Op-Eds Opinion

WWE star John Cena got his start on Alden Street as the epitome of Humanics

By Jacques St. Jean

There is no Springfield College alumni more notable than John Cena.

His long list of accomplishments include being a New York Times best selling author, a five-time WWE United States Champion, a record-tying 16-time WWE World Champion, and granting over 650 wishes with the Make-A-Wish foundation, the most in the organization’s history.

Today, he is well known all over the world for his illustrious acting career, starring in F9: The Fast Saga, the Transformers spin-off film Bumblebee, and more recently in last year’s Suicide Squad, which eventually led to Cena starring in the television show Peacemaker streaming on HBO Max.

As a childhood fan of professional wrestling, John Cena was my hero. Despite the insurmountable odds he was up against, like the seven-foot giant Big Show at WrestleMania XX, or returning months early from an injury at the Royal Rumble in 2008, Cena would find a way to win and come out on top. His “Never Give Up” mantra inspired millions of fans, and the three words that he lives by and wore proudly on his merchandise – “Hustle, Loyalty, and Respect” – are an easy summary of his character.

Cena’s legacy at Springfield is a key selling point for the College. His rare visits and interactions with faculty, staff and students have become legend on Alden Street. Today, there are very few people on campus who were around during Cena’s time as a student-athlete from 1995 to 1999. One of these few is Professor of Theater Arts Martin Shell, who taught Cena in one of his final courses at Springfield – ironically in an introduction to acting class. Shell began teaching at the College in August of 1993, and Cena enrolled in his acting class in the spring of 1999.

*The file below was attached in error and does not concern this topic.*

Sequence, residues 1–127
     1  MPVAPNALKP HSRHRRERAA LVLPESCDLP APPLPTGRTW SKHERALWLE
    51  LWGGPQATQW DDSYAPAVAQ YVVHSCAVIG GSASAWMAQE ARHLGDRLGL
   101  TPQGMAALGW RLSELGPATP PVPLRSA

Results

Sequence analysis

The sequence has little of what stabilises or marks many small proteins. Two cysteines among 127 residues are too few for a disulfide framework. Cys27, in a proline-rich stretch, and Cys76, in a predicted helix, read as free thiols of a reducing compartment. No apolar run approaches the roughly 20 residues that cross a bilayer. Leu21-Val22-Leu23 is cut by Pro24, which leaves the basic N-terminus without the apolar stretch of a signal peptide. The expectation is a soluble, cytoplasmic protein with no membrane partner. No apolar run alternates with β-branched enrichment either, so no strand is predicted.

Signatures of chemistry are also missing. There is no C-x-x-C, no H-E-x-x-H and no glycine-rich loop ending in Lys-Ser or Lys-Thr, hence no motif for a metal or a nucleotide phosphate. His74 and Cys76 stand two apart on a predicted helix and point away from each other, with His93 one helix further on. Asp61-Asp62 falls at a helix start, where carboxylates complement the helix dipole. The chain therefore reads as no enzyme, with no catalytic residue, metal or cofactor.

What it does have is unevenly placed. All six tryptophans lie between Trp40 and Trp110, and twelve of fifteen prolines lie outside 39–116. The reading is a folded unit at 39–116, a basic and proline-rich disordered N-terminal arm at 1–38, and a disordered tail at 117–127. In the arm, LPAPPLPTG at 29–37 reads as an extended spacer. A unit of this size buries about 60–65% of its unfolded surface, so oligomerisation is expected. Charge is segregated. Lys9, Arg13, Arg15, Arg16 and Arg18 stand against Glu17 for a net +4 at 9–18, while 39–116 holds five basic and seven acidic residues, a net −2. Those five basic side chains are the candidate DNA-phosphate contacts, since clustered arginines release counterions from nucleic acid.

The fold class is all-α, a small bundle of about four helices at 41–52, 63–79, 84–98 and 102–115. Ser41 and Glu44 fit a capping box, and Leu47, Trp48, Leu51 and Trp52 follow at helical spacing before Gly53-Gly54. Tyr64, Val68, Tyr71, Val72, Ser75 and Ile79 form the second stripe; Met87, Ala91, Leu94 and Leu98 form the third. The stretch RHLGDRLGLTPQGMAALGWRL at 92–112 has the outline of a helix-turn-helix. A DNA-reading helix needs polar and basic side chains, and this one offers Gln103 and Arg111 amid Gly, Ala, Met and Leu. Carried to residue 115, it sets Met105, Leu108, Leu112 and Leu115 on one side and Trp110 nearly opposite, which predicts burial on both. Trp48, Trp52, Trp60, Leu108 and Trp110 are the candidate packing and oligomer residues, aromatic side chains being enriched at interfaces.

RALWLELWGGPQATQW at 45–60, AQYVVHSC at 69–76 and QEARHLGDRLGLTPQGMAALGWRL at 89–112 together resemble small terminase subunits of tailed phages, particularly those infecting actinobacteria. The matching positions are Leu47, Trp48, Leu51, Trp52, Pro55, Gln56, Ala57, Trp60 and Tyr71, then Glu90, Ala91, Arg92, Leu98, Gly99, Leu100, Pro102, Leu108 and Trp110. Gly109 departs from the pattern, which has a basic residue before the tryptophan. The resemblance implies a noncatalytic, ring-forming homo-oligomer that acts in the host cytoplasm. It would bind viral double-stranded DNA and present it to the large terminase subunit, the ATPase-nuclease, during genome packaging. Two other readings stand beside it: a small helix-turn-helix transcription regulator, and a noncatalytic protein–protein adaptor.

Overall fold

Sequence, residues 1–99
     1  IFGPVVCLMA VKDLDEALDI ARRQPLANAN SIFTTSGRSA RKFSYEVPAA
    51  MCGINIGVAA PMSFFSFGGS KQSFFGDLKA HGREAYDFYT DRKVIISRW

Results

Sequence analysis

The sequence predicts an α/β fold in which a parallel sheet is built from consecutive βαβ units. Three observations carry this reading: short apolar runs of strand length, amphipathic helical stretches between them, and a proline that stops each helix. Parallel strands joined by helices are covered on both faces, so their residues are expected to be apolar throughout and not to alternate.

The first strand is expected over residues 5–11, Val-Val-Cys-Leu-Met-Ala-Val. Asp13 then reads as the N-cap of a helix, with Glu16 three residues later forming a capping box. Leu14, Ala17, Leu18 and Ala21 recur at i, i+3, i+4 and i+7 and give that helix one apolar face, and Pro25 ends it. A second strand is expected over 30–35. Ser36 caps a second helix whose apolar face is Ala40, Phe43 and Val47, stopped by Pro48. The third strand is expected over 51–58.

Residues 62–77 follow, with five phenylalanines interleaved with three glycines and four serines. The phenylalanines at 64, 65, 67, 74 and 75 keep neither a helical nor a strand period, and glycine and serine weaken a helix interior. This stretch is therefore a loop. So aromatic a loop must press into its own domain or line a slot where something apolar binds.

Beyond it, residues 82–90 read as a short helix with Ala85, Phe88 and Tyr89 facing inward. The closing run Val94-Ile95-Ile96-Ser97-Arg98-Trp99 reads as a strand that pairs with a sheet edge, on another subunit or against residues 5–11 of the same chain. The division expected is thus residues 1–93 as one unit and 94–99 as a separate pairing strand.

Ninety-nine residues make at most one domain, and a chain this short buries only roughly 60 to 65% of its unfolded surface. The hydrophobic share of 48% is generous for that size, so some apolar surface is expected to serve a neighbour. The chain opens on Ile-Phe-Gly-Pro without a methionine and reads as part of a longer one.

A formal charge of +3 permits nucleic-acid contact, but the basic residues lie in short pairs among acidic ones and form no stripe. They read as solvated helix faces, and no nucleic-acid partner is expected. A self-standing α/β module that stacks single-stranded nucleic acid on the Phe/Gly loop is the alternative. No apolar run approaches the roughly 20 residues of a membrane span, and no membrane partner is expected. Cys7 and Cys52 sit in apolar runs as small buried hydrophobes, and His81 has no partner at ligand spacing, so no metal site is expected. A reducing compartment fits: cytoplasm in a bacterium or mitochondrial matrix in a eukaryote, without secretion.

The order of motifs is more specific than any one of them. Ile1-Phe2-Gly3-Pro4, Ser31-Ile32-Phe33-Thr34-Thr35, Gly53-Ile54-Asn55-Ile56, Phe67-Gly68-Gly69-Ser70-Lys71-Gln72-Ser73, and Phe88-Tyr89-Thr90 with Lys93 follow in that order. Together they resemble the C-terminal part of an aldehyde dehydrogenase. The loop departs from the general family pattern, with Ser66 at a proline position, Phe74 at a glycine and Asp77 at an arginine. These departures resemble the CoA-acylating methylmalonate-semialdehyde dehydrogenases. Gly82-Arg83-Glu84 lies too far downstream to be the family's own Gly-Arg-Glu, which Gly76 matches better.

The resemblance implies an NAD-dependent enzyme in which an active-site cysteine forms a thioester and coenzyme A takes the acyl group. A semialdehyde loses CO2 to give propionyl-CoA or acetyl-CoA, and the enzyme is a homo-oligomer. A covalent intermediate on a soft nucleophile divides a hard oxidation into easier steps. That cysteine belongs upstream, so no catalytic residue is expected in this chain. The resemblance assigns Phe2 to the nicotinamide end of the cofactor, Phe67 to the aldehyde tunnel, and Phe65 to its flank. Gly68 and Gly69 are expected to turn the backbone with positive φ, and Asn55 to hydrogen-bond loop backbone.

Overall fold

“I don’t think I had heard about John before he came to [my] acting class,” Shell noted. “He makes a first impression, partly because of his physique… which is in part intimidating, but at the same moment kind of fun because he immediately exudes a very charming and warm presence.”

Despite being such a physical specimen and having a dominating presence on the gridiron, Cena was a pleasure in the classroom, according to Shell, and had tremendous natural acting skills. In one specific acting exercise, Shell was amazed at how easily Cena was able to pick up the lesson that was being taught.

“Status work has to do with territorial behavior and when someone is being very dominant or when they’re being more submissive,” Shell said.

“I [was] really curious to see how John would respond to that exercise because he seems to be such a dominating persona, but he took to it very quickly and was very easily able to play the ‘submissive’ part of status [work]… and to flip gears. That’s the skill we’re trying to learn in an acting class… and he was very good at that exercise.”

Cena’s semester in Shell’s acting class could be credited as the very beginning of what would be an amazing professional wrestling career, and a highly successful acting career that we are seeing play out today.